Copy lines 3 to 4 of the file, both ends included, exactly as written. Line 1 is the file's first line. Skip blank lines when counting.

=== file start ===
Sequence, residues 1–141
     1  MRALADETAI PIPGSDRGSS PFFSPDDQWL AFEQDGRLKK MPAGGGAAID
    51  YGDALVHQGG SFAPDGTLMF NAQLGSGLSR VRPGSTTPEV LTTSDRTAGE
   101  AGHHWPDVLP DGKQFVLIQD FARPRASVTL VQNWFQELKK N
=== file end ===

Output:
    51  YGDALVHQGG SFAPDGTLMF NAQLGSGLSR VRPGSTTPEV LTTSDRTAGE
   101  AGHHWPDVLP DGKQFVLIQD FARPRASVTL VQNWFQELKK N